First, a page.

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Options for Sidewalk Repair Around Existing Trees

Per federal guidelines, one quarter of an inch or more of lift can be considered a trip hazard.
A slab is lifted and roots are inspected by arborist Chuck Lippi.

Tree root-sidewalk conflicts are very common in developments. And the most commonly planted swale tree in many parts of Florida is the live oak (Quercus virginiana), which is a wonderful long-lived, sturdy tree, that simply requires more root and trunk space than the 6 foot swale designated by the designers. And as many homeowners and property managers have learned, the problem seems to escalate after the first 10 years as the trees begin to mature and their root systems expand and try to grow out of the much-too-small space allotted between the street curb and the sidewalk.

Obviously, it would be better to plant trees in larger spaces such as the front yard away from sidewalks and streets. But it is too late for many people who buy a home in a development that has already planted large-maturing trees in a narrow swale between the sidewalk and the street. This is a landscape design flaw, in my opinion, that is creating significant maintenance costs for homeowners and property managers.

Because removal of the trees by sidewalks is not practical, sometimes not allowed by local ordinance, and would remove an important environmental amenity from streetscape, I will primarily discuss options to accommodate roots on existing large trees, infrastructure-based strategies, not options for recently planted young trees by sidewalks that we refer to as root-zone based strategies. The goal is to adapt the infrastructure to accommodate the tree to reduce the sidewalk damage and increase the interval between sidewalk repairs.

Types of damage

 Over the years we have observed swale trees (mostly live oaks in this part of Florida) lifting sidewalks usually at the seam or expansion joint. The lifting can occur anywhere between the slab next to the trunk to as far away from the tree as the third concrete slab which is about 15 feet from the trunk. Once the slab lifts over ½ inch, there is a serious liability issue — a trip and fall hazard.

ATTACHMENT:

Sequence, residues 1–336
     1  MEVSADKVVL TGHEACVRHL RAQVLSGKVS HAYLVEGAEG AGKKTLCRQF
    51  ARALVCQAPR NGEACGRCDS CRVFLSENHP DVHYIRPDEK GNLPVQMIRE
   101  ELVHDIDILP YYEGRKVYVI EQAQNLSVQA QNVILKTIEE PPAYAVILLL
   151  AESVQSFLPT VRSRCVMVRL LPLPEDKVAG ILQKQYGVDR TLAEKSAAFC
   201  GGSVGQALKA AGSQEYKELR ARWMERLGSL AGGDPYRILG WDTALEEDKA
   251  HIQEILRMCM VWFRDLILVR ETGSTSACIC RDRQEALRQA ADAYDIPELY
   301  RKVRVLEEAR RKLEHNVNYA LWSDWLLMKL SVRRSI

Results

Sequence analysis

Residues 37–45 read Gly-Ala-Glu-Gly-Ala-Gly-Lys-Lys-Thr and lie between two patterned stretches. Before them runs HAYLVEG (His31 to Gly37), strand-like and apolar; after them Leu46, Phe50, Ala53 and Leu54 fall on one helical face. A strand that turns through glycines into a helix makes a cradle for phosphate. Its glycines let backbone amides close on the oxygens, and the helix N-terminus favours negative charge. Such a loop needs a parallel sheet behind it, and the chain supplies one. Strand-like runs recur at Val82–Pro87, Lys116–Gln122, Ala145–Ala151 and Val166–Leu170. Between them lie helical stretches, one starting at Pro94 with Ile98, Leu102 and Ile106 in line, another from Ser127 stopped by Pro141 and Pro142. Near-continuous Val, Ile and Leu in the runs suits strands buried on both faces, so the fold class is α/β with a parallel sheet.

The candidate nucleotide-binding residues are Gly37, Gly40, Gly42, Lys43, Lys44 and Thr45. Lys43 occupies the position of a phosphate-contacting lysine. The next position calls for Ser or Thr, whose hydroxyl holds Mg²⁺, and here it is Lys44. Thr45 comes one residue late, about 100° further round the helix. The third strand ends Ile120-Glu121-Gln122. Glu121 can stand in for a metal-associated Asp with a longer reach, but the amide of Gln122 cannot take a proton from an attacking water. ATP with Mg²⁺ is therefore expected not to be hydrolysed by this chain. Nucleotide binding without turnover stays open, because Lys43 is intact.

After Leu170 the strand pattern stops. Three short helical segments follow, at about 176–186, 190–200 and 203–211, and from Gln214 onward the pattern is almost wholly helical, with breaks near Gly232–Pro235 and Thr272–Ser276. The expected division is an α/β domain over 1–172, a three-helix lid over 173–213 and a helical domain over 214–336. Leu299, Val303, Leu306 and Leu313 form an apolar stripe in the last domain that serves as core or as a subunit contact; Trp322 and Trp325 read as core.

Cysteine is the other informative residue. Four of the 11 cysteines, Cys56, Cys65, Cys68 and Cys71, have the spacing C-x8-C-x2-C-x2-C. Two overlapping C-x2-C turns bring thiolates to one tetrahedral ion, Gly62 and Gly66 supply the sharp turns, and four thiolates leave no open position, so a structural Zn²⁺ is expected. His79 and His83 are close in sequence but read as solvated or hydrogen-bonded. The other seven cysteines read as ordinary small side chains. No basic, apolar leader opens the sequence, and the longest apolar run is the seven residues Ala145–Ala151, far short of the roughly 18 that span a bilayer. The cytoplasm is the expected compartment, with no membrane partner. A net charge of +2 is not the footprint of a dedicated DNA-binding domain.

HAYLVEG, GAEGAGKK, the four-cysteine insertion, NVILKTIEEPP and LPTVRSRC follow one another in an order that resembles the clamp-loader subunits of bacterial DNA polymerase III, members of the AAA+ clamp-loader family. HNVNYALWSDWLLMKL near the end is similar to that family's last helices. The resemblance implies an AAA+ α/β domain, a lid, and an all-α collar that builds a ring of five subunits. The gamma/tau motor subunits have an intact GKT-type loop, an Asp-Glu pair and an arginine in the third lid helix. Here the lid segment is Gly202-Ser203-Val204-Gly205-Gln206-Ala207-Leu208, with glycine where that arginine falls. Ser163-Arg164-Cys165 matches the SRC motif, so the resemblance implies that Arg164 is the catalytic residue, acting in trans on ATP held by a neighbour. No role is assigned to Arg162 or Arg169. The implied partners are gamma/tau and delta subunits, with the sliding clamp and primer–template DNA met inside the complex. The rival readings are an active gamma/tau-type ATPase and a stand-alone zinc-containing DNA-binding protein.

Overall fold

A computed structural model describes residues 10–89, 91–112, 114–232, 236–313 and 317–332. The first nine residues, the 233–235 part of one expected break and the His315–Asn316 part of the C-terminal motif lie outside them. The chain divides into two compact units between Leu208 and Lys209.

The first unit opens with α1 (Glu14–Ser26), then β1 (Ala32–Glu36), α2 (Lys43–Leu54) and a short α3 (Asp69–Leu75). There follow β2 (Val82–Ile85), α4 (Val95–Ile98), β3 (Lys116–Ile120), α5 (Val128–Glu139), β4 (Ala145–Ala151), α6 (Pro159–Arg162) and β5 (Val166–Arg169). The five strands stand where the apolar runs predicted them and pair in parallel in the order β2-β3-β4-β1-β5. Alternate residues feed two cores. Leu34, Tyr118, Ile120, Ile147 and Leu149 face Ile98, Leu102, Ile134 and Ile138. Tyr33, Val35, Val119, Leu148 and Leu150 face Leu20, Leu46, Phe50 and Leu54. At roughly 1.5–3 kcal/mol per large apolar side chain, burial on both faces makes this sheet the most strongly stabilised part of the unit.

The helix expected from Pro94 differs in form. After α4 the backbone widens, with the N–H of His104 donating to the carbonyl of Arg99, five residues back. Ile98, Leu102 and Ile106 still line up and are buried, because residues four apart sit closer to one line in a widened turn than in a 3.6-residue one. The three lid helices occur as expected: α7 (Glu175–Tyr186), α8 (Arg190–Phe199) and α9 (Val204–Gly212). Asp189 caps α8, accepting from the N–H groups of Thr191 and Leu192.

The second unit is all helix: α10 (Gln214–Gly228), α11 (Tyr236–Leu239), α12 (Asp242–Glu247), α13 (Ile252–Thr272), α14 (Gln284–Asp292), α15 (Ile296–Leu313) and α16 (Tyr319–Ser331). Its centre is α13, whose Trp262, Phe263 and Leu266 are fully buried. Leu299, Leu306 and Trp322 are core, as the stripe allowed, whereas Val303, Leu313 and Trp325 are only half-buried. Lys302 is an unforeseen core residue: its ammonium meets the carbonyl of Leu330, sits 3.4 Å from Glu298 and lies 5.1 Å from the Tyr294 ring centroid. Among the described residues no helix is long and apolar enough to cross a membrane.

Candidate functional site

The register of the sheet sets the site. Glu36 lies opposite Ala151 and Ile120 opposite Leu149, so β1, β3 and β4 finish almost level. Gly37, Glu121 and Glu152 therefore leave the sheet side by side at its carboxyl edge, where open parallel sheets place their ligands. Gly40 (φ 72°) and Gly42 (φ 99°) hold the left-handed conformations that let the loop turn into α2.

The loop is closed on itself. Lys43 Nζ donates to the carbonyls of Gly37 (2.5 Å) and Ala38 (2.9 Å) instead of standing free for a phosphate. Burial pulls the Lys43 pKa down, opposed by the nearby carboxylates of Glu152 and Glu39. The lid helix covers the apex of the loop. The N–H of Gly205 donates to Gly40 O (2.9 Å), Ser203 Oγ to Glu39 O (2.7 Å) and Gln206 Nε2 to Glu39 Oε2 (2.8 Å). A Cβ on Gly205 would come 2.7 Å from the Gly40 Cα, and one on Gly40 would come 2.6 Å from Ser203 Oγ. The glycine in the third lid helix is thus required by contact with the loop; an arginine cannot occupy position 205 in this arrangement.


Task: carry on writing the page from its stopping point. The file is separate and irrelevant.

In addition to the lifting pressure caused by roots, the tree root flare of trees will slowly expand outward and even upward putting sideways and upward pressure on the sidewalk. Often the root flare begins to become a problem with nearby infrastructure when trees reach a diameter of around 20 inches. The root flare of a 30 to 36 inch DBH live oak can extend almost the entire width of the 6-foot swale.

A lifted slab 1/4 of an inch or higher is designated as a trip hazard.
Care should be given to provide room for root growth around infrastructure.
A slab has been removed and the existing roots are painted for identification.

Cutting roots

We have found that cutting roots is only a temporary solution. Severed roots regrow under a sidewalk within three years after being cut. In San Francisco and other cities, the interval between root pruning and renewed sidewalk lifting is about five years. This relatively short repair interval can create an escalating and compounding effect of needed repairs as the trees continue to grow. An additional problem with root pruning is the loss of tree stability. Trees have stability against wind throw because of the lateral roots. Tap roots are rare and quite small in most broadleaf trees and provide virtually no support. When the important lateral roots are pruned, tree stability can be reduced. Research at the Bartlett Tree Research Laboratories has demonstrated that cutting large lateral roots within the root plate, which is a distance from the trunk of three times the trunk diameter, can destabilize a tree. For example a 20-inch diameter tree should not have roots cut closer than 60 inches from the tree (3 X 20 = 60). In a 6-foot wide swale with a growing tree, that does not allow space to root prune at the edge of the sidewalk. So root pruning should only be done as a last resort when all other methods have been judged as not feasible. And those ordering cutting of major lateral roots should be aware of the liability for tree failure that root cutting creates. There are consequences to cutting roots such as reduced tree health and destabilization.